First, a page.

UK Industrial Strategy



By Barry Edwards

UK Industrial Strategy

The government published their white paper on industrial strategy on Monday this week, as promised, which is a lengthy document with lots of detail about how they plan to implement the strategy and where it is already in progress. Consequently, it is 255 pages long and you can look through the white paper if you click on the link below; it takes a few moments to load up.

There has been very thorough consultation prior to the publication of this paper with every person and organisation who wanted to contribute being considered and properly acknowledged. That has made it representative of national opinion and genuinely comprehensive in its conclusions. In my view it achieves its purpose and is a big change from the piecemeal approach of the past.

The main thrust of the paper is that government accepts it cannot do everything and is planning to work closely with the regions, business and universities to make sure the strategy is implemented to achieve the ambitions set out in the paper. The government has allocated resources to support the plan but most commentators have stated the sums announced are inadequate to make a real difference to the economy post Brexit. To give you some idea of the basis of the strategy, below are some extracts from the introduction;

Our vision is for:  1. The world’s most innovative economy; 2. Good jobs and greater earning power for all; 3. A major upgrade to the UK’s infrastructure; 4. The best place to start and grow a business; 5. Prosperous communities across the UK.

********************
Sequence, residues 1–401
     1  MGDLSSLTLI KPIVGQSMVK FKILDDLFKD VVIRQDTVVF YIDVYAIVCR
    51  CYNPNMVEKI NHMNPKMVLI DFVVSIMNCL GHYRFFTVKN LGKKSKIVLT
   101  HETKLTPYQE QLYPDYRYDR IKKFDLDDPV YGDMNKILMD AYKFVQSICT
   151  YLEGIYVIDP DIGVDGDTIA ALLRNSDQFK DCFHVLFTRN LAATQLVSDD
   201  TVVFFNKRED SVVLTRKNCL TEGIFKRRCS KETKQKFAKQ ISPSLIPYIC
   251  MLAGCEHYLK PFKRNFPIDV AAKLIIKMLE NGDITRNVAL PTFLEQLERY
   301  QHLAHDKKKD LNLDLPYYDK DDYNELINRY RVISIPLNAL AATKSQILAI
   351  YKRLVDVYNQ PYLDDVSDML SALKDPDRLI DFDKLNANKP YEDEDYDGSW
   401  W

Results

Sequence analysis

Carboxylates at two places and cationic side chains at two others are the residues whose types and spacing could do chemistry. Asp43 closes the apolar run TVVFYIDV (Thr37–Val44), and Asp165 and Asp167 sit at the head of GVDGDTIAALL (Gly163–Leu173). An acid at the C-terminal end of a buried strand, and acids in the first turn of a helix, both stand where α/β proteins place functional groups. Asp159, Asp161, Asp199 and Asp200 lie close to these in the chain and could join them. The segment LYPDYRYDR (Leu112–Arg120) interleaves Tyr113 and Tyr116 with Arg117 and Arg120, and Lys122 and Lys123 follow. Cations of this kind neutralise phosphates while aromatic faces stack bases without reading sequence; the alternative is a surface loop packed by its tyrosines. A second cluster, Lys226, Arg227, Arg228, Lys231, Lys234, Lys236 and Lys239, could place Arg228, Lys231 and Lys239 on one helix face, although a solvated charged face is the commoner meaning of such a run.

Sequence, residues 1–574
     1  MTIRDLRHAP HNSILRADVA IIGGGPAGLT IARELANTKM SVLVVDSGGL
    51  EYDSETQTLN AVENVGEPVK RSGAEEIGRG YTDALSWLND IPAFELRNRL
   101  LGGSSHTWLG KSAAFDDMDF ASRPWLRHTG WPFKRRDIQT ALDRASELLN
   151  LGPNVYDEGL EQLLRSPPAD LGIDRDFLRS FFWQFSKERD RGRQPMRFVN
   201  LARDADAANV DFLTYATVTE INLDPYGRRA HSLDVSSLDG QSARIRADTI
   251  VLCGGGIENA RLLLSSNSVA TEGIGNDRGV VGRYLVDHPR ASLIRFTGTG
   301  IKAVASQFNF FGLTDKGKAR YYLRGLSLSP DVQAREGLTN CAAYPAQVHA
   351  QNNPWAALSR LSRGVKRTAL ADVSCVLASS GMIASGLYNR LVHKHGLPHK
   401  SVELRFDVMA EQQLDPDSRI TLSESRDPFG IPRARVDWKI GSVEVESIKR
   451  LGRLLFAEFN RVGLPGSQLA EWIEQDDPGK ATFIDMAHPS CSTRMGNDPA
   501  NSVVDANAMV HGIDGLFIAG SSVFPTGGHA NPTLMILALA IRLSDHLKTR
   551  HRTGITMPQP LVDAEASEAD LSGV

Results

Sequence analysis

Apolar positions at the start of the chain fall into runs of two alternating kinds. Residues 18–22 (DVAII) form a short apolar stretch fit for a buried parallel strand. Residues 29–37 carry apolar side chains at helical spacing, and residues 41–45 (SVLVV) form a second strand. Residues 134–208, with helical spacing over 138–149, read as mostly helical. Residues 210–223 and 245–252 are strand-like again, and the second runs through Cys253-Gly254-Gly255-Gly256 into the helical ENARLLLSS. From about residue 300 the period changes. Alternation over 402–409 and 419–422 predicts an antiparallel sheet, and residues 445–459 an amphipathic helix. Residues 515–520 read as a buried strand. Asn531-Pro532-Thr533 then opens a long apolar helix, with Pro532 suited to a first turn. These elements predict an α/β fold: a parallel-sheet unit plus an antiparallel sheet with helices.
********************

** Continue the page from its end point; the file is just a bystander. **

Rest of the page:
To achieve this, we must ensure every part of our country realises its full potential. We are taking action now, including making the biggest ever increase in public investment in research and development, establishing a new fund to drive productivity by improving connections within city regions, and agreeing Sector Deals which will drive transformation in investment and productivity across the economy. This Industrial Strategy is for the long term. It provides a policy framework against which major private and public sector investment decisions can be made with confidence. It is a strategy that is being implemented with, not just for, British enterprise – with the full involvement of innovators, investors, job creators, workers and consumers in England, Scotland, Wales and Northern Ireland.

Our consultation reinforced the importance of five foundations of productivity – the essential attributes of every successful economy. These are Ideas, People, Infrastructure, Business Environment and Places. Our focus on them responds to the detailed feedback to the Green Paper. Our five foundations align to our vision for a transformed economy – a transformation that is already taking place and will accelerate over the course of the coming decades:

The paper does accept that there are many things wrong with the UK economy going some way to concur with the report mentioned in last week’s comment from The Institute for Public Policy Research (IPPR). Since the IPPR is a government funded and business sponsored organisation, it should mean that the problems they have identified will start to be addressed as the industrial strategy is executed.

It is refreshing to see government making a genuine effort to plan a proper long-term strategy to reform and improve the UK economy which has been needed for many decades. There does appear to be real support from commercial and academic organisations to get behind this plan. They have been requesting that a proper strategy should have been part of government planning for many years to allow them to make long-term plans for their companies supported by a well trained workforce to make it happen.

Not everything will work as planned and the government accepts that there will have to be new thinking and changes made as the strategy unfolds. Inevitably more resources will be required to fully achieve the ambitions set out in this paper. All of us should assist where we can since ultimately we will be the beneficiaries of the growth in the economy that is accomplished.

That’s all for this week, more observations next week.

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